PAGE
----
While the majority who poured into the Usher Hall last night to see the son of a Glasgow chip-shop owner strut his stuff were largely women, to see those in their 30s, 40s, and 50s simmering with anticipation is testament to Paolo Nutini’s ability to meld his broad influences (soul, pop, reggae, rock) into one, multi-generational cohesive package.
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Nutini’s fans, however, don’t necessarily want to be challenged.
Grand, gravelly vocalist that he is, the 27-year-old’s lack of onstage charisma is overlooked in favour of his boyish good looks. He rarely engaged with his audience, either, and when he did speak it was virtually impossible to understand what he was saying.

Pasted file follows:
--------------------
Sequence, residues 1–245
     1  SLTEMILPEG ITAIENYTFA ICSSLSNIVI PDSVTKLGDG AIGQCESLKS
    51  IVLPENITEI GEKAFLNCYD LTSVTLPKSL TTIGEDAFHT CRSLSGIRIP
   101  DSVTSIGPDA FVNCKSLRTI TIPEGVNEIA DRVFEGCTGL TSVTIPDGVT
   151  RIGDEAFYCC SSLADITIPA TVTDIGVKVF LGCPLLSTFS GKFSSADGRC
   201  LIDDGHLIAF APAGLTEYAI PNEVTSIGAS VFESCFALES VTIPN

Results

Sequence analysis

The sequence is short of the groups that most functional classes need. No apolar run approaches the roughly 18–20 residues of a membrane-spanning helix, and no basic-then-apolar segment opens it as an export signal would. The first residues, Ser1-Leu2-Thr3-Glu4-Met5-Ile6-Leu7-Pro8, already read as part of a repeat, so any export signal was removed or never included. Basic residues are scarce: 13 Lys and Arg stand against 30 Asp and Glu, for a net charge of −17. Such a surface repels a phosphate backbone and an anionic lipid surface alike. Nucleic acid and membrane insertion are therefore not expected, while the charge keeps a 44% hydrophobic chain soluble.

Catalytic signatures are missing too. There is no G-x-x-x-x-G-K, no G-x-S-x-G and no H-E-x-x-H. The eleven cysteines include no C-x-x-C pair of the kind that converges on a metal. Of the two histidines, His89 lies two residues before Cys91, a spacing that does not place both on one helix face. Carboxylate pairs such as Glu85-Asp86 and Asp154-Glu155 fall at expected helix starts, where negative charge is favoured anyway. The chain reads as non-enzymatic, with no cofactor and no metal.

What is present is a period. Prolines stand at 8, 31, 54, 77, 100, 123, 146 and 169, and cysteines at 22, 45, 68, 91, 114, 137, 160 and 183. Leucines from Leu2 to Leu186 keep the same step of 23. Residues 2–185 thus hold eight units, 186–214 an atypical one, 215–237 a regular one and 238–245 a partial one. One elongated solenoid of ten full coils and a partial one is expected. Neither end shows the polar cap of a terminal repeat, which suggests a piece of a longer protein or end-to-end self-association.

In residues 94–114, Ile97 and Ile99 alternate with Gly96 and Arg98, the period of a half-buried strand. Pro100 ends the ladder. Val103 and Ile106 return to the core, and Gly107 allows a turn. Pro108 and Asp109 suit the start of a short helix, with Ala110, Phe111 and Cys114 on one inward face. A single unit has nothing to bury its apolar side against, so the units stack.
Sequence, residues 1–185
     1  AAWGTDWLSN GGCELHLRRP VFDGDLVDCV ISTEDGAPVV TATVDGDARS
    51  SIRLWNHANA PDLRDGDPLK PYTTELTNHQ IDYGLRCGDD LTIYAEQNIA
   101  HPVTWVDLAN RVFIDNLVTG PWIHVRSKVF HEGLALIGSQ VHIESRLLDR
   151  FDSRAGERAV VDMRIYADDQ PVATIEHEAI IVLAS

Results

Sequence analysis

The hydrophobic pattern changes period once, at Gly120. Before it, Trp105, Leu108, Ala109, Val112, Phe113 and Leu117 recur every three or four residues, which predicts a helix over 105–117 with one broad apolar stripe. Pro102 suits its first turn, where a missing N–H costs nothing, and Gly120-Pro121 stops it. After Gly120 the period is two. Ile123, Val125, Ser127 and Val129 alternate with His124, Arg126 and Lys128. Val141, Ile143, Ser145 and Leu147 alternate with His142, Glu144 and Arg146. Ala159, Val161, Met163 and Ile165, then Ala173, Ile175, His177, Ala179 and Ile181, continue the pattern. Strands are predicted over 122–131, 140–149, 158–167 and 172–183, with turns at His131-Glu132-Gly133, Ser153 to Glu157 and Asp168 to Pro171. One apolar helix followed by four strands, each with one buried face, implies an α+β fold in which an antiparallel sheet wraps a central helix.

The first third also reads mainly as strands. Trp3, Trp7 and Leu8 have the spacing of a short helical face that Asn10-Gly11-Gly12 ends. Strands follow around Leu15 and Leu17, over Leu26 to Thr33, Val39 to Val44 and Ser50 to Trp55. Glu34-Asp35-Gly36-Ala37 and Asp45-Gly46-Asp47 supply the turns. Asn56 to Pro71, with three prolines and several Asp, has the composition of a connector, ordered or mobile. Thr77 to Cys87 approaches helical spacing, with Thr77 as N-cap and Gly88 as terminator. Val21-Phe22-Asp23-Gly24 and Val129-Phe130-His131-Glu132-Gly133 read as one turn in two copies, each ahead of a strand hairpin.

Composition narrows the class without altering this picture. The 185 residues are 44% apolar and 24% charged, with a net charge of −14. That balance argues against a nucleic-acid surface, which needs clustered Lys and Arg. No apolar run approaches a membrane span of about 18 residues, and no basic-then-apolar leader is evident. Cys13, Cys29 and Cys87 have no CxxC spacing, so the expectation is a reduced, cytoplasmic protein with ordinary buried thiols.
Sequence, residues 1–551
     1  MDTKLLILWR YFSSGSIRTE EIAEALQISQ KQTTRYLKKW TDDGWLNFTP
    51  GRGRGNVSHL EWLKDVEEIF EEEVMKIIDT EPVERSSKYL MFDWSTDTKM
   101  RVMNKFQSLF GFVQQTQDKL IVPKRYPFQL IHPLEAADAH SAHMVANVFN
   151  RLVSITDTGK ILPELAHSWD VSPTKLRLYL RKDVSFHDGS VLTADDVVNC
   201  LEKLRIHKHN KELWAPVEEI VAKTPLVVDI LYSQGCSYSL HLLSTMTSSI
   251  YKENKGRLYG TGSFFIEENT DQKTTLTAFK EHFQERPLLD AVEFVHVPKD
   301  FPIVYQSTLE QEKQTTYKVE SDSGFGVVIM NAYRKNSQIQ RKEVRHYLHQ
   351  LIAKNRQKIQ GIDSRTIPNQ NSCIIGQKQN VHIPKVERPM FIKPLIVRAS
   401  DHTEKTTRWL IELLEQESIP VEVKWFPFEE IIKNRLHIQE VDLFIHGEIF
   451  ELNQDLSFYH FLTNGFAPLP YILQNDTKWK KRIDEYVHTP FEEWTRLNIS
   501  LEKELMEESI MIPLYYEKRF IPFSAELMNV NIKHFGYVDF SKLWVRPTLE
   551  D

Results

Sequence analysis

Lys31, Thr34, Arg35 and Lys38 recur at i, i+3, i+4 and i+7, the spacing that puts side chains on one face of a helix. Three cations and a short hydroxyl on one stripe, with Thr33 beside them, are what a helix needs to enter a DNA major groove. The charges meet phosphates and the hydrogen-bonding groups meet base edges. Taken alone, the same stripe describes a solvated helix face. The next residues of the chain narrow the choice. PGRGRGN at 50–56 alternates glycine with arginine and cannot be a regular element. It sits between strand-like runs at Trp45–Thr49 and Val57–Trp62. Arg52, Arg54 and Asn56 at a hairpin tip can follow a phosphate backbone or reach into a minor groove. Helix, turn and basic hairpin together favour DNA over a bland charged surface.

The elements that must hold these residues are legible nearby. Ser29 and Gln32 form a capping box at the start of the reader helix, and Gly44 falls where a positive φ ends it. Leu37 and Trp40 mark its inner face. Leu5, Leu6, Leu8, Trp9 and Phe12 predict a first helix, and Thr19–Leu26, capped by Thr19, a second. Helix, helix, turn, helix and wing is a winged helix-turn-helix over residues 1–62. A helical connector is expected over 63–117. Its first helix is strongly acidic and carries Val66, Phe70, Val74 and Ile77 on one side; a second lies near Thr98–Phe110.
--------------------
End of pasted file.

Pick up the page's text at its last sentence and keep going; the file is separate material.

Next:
But no-one cared. People come to hear him sing – not dance, tell jokes, or prance about in garish costumes.
Aided by his brass-backed eight-piece band, the Paisley singer’s soulful edge occasionally gave way to Simon & Garfunkel-esque acoustica, lazy Caribbean vibes of the Bob Marley persuasion, and the odd bit of psych-rock more commonly associated with Primal Scream. He surprised a few with some downbeat, reworked versions of his earlier material, too.
With little to look at other than the Scot-Italian’s tousle-haired head for the most part, some 3D-projected visuals (think James Bond movie credits) managed to make new tunes such as Cherry Blossom bloom into something truly epic. The likes of Funky Cigarette rolled things along nicely following Nutini’s rare attempt at showmanship. Jumping across the stage, he slid along the floor on his knees before friction took hold, sending him tumbling.
It was probably the most spontaneous part of the evening, and the audience reacted. It went some way to justifying the £35+ ticket price, but for the fans, just being there was enough.